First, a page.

Duration: 2 July 2011 – summer 2012
Location: JULIA STOSCHEK COLLECTION, Duesseldorf
NUMBER FIVE: CITIES OF GOLD AND MIRRORS. 02 July 2011 - 30 June 2012
From 25 June 2011, the JULIA STOSCHEK COLLECTION will be presenting selected works in a newly designed exhibition.
The show features 44 works by 35 artists in all, including many that have never been shown before, works acquired in the past few years and site-specific spatial interventions. Each work is presented in its own, carefully elaborated setting.
Rather than being organised around a single theme, the exhibition picks up on several content strands and reflects current themes in contemporary art.
Its title, CITIES OF GOLD AND MIRRORS, taken from a film by Cyprien Gaillard shown in the exhibition is a metaphor for the fact that the pieces on display explore socio-political questions relating to urban development, humankind’s relationship to architecture, and our own personal vanities and desires.
The first exhibition area presents artists like Gordon Matta-Clark, Tobias Zielony, Cyprien Gaillard and Francis Alÿs, whose works reflect on the relationship between humankind and architecture.
With his spatial interventions, or “building cuts”, Gordon Matta-Clark was already opposing traditional concepts of space back in the 1970s, openly criticising urban planning and the conditions governing public life and private spaces. His films not only document his sometimes anarchic activities, they also map the city as an urban space in all its many facets and are all that remains of his processive interventions.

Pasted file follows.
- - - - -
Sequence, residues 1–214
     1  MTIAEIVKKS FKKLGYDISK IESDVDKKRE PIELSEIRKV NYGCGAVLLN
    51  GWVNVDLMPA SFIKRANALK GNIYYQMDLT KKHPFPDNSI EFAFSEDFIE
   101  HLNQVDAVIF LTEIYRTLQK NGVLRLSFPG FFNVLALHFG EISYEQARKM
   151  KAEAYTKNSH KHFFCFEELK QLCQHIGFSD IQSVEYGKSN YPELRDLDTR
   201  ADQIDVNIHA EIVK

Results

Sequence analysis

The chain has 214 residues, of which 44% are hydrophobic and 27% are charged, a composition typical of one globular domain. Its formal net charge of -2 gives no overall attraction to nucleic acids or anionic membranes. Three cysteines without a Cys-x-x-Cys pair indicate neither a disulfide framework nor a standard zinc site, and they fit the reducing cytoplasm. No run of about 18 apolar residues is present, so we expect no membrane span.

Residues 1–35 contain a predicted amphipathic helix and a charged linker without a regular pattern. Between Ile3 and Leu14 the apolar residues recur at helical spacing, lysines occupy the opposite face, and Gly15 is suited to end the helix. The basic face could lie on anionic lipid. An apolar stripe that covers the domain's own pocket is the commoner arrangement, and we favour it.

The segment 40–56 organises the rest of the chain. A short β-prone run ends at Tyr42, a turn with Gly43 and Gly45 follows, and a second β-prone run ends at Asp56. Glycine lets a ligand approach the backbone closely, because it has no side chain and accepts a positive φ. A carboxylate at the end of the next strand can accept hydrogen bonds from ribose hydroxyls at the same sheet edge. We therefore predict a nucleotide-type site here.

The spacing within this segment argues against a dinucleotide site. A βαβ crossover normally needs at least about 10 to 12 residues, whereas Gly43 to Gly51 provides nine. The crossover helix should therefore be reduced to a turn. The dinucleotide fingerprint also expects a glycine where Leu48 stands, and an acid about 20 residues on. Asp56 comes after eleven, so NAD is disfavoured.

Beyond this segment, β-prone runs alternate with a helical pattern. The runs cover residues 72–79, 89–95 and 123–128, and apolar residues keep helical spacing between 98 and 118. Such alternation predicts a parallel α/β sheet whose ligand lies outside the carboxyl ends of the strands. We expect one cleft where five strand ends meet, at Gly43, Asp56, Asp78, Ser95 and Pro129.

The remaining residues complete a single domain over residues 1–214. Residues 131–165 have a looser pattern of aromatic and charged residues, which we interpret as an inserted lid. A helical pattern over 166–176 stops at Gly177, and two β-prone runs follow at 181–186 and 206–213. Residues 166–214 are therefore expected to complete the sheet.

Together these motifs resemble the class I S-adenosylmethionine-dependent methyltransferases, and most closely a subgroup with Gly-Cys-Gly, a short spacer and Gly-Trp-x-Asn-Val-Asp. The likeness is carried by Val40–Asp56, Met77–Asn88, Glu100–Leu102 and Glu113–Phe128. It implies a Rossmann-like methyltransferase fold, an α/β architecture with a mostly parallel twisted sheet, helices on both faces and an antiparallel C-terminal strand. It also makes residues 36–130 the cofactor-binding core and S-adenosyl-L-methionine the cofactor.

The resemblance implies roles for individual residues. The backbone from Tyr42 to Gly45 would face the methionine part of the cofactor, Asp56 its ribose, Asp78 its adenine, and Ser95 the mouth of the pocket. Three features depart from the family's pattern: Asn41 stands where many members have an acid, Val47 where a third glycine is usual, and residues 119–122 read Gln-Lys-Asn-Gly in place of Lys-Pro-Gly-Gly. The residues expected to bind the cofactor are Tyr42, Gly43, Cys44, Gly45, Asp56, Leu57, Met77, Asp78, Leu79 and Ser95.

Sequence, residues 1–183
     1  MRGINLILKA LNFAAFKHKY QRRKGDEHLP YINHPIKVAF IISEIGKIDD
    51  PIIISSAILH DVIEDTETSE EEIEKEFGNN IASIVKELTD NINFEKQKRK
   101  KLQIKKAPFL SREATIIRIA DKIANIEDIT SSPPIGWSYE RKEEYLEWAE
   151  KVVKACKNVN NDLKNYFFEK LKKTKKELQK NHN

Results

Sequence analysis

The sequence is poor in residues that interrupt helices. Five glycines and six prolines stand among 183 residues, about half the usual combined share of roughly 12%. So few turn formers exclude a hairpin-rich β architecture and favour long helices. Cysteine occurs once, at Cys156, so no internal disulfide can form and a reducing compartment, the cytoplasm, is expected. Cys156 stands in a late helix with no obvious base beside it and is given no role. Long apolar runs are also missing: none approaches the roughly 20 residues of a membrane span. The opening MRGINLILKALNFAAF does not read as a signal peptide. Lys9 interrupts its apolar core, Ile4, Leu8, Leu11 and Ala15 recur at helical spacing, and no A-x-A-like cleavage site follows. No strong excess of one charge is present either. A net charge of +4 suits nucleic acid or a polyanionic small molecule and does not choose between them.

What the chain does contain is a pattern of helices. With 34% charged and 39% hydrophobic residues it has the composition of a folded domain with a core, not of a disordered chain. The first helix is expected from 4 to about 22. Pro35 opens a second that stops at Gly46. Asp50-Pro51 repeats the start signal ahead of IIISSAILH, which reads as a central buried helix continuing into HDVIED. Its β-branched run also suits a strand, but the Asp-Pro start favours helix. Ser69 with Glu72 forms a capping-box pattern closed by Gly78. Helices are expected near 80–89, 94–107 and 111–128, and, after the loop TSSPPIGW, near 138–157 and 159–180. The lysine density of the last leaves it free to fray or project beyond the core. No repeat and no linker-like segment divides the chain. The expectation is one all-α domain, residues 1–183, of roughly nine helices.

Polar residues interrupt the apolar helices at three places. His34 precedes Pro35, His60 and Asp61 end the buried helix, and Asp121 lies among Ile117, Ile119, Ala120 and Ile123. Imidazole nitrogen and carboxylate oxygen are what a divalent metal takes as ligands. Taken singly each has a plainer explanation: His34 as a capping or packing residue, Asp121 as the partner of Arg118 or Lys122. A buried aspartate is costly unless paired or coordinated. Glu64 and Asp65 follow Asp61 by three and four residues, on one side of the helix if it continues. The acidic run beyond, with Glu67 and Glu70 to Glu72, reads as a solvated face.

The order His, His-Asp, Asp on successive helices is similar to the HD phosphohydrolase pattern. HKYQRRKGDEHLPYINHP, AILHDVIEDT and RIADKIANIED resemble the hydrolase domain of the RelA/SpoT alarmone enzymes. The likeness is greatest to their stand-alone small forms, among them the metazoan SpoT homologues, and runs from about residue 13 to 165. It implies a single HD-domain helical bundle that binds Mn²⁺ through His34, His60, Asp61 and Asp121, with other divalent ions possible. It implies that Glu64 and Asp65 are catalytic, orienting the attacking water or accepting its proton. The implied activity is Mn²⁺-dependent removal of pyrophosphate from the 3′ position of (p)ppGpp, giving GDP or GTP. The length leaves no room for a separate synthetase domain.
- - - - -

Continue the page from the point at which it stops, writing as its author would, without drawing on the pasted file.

In his 2009 photo animation made up of 7,000 individual images, Tobias Zielony documents the LE VELE DI SCAMPIA (2009) urban housing project, built by architect Francesco di Salvo in the 60s. This complex in a suburb of Naples has now achieved tragic notoriety as a mafia stronghold. Zielony’s animation presents the decayed, crumbling buildings and their inhabitants, recording the decline of the complex and the strange, mystical appeal it has come to possess.
The 16mm film which gave the exhibition its title, Cyprien Gaillard’s CITIES OF GOLD AND MIRRORS (2009), places fictional elements from the Japanese-French TV series “The Mysterious Cities of Gold” alongside scenes of tourists on package holidays. Gaillard contrasts a Cancún hotel complex in Mexico built in the 1970s with the ruins of the once-mighty Mayan civilisation. Donning the hat of a documentary filmmaker rather than that of an archaeologist, Gaillard shows American students celebrating spring break with excessive binge drinking against the impressive backdrop of a hotel complex, which imitates Mayan pyramids – thus confronting viewers with the banalisation of culture.
REHEARSAL I (ENSAYO I) (1999-2001) is the title of a key piece by Belgian artist Francis Alÿs. In the guise of a modern Sisyphus, a red Volkswagen Beetle repeatedly attempts to drive up a hill to the sound of a Mexican “Mariachi”-brass band. Just before it reaches the top the band stops playing and the car rolls back down the hill, meaning that it has to start all over again. The video is an existential metaphor for the political situation in Mexico and for the economic discrepancy between the country and its larger neighbour, the United States.
The second exhibition area marks a break from the dominance of filmic works. Here, pieces by Andreas Gursky, Mark Manders, Andro Wekua, David Claerbout, etc. exemplify the complexity of the forms of expression shown.
Andreas Gursky’s large-format photograph UNTITLED XII, NO.4 from 2000 shows a page from Robert Musil’s epic novel “The Man Without Qualities” – page 769, it turns out. This section of the book addresses the relative scale of the human spirit, humankind and nature – indeed, humankind’s position within the cosmos. Yet, we learn, Gursky’s photograph is not a faithful copy; he has digitally altered several passages, replacing some words with others of his choosing. And these insidious changes are not obvious simply from looking at the page. The oversized reproduction of the photographed page also breaks with the conventional perception of art.